You write contemporary history, too. You write about terrorism and Northern Ireland up to the very, very recent past. And you know well that one writes constantly in the sense that one might be second guessed but that doesn’t stop it. Another thing I would say, and this is relevant to writing about, as you have done, the history of Irish nationalism and the history of terrorism. You are writing to clarify where we are as well as to explain where we’ve come from.
I don’t think that’s an ahistorical thing to assert. Fifty years ago, the Oxford history syllabus would have said it was. There was a cut-off point which would be at least 50 years before the present day. There are now, of course, special subjects on Thatcher and probably on Blair, and history has caught up with the contemporary aspect.
I think it has to do that, and I think it’s one way in which the discipline has changed, and it’s one way in which I think the study and the practice of Irish history now by a supremely talented new generation of Irish historians who are using not only transnational perspectives but also recent developments in economics and sociology to point up what’s happened in Ireland over the last half century. I think that’s both exciting and acceptable.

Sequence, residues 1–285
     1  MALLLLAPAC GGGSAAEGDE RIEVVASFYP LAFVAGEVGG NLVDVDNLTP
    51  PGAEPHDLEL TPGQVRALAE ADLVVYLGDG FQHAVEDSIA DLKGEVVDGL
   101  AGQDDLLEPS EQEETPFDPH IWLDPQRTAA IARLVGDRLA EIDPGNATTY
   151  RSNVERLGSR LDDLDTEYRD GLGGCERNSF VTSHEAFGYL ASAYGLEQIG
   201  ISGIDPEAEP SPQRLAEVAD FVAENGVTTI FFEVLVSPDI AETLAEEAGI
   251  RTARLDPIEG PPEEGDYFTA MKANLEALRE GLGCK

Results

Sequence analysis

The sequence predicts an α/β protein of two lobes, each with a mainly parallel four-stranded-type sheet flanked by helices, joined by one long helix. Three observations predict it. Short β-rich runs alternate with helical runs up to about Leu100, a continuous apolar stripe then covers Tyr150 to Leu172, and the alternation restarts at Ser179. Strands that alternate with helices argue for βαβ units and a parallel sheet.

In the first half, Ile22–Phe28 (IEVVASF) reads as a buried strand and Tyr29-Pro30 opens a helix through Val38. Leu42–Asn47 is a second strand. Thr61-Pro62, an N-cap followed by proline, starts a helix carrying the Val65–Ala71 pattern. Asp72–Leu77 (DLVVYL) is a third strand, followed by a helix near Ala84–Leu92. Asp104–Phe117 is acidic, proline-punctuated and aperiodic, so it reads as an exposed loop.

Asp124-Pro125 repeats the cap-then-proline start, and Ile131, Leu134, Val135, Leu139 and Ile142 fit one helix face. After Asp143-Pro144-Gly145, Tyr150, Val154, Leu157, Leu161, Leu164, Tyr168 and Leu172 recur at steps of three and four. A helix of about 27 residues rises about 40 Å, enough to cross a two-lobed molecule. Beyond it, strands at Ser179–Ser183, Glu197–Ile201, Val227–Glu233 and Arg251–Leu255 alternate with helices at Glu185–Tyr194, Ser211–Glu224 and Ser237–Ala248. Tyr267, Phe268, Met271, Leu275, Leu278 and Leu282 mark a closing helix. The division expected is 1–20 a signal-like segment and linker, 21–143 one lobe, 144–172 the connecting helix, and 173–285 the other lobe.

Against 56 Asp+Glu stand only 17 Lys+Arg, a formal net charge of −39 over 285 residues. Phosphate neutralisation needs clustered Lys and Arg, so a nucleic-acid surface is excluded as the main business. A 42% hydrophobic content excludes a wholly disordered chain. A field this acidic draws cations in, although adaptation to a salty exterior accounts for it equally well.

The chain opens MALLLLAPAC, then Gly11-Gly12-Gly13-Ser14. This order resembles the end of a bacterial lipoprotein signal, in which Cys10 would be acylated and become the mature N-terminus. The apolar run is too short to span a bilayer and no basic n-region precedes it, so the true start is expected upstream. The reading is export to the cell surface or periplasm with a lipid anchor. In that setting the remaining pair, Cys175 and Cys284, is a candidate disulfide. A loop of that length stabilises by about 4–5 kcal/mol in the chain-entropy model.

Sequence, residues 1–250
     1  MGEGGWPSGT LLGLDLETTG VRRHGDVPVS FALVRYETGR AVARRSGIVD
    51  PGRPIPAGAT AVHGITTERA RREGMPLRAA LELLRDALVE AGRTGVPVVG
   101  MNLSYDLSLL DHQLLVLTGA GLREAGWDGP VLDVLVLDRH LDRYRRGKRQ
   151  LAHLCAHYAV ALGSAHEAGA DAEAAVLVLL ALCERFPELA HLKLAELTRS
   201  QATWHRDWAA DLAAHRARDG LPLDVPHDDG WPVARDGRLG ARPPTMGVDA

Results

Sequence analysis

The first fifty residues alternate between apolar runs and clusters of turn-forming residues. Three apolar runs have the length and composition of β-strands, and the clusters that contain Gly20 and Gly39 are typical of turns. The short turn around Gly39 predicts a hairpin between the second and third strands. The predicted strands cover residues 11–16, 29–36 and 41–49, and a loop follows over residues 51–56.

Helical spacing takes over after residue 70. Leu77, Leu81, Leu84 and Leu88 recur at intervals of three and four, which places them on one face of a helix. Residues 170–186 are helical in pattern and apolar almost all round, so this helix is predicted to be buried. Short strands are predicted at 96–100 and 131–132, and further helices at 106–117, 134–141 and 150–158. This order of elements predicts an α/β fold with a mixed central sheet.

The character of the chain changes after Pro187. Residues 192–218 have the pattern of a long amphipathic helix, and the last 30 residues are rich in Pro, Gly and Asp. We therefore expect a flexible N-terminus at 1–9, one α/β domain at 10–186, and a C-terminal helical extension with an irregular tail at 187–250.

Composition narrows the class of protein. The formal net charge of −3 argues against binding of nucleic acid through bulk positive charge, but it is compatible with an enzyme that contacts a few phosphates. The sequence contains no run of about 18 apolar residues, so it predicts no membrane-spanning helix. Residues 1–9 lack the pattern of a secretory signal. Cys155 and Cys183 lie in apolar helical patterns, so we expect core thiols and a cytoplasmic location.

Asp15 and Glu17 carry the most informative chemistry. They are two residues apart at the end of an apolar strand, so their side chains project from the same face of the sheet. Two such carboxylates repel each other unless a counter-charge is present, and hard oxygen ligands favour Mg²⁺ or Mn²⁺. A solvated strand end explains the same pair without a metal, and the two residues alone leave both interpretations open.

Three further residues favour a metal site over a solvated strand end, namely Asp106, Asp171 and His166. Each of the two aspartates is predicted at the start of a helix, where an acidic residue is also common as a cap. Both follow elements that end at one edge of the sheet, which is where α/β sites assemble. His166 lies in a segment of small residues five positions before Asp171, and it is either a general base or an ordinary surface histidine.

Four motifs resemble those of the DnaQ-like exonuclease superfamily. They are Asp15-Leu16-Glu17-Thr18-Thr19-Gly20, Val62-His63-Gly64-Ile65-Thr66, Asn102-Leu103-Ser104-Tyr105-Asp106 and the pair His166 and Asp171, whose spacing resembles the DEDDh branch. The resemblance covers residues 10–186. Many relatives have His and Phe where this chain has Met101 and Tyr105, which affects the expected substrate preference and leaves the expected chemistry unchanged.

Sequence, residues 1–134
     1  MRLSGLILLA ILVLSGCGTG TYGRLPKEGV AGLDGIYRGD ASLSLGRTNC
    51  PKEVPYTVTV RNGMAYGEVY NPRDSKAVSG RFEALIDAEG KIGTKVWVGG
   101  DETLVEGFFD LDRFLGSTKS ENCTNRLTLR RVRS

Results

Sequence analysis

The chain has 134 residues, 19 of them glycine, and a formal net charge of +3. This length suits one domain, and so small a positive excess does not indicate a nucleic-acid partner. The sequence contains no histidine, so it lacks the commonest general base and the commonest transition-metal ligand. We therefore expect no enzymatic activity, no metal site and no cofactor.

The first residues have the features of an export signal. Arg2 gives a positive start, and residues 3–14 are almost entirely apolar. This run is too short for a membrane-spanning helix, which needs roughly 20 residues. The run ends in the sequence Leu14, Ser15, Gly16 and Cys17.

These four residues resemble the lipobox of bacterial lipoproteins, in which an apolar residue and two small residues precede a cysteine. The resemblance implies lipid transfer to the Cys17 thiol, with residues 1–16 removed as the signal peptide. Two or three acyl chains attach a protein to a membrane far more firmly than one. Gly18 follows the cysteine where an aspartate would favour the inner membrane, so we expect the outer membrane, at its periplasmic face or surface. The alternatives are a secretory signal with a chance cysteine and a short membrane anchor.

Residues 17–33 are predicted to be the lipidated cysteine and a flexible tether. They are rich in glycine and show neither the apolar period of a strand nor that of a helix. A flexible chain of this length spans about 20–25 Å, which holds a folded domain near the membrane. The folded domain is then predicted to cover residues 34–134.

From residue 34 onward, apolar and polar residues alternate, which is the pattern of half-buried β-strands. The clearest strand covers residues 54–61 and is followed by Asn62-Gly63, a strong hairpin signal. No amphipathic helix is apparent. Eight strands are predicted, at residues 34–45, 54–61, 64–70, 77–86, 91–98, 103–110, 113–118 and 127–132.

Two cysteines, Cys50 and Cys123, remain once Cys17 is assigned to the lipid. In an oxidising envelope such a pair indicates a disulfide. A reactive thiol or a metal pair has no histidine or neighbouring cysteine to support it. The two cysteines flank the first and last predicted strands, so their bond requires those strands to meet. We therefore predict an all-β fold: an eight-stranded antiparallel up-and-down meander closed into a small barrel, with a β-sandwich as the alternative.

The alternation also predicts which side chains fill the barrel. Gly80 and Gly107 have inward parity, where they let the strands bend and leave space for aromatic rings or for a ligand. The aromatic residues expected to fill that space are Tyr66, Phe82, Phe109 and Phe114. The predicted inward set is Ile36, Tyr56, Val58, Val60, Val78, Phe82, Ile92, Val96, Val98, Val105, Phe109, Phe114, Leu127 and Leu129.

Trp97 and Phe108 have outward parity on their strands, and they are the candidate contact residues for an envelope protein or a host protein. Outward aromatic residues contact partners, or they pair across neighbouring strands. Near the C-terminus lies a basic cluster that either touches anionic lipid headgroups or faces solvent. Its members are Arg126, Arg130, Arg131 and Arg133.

Professor Richard English FBA: Roy Foster, you’ve raised an enormous amount of material there for us to pick up on. We’re going to move to questions now. I’m going to start with a couple of questions from people here in the room in the British Academy. There’ll be a microphone to go round. So who will start us off?
Member of the audience: I’d like to ask a question about the Unionist community. That is to say that there have been a number of occasions where the Union community has, to put it mildly, been at odds with the British government. And I wondered whether the current problems over the Northern Irish Protocol are as significant or maybe more significant than previous differences?
Professor Roy Foster FBA: That’s a highly relevant question and it’s rather takes up with what I was just saying just a few minutes ago about the necessity to look at current events in the light of what’s gone before. I think the Unionists and here I’m diverting into politics, the Unionist community, certainly those of them who are represented by the DUP which is not the whole Unionist community – as I’m sure you would agree Richard – have painted themselves into a corner.
The idiocies over the protocol, the idiocies over Brexit in general, the supporting of Brexit by the DUP, I think largely because Sinn Fein were against it. It’s nearly as unforgivable as the way that Secretary of State for Northern Ireland, such as Owen Patterson and Theresa Villiers campaigned for Brexit, knowing full well unless they were even stupider than they seem to be, that this would be a disaster for Anglo-Irish relations, for North–South relations. That it would place in jeopardy the hard-won balance which is always on the edge of fracture of the Good Friday Agreement.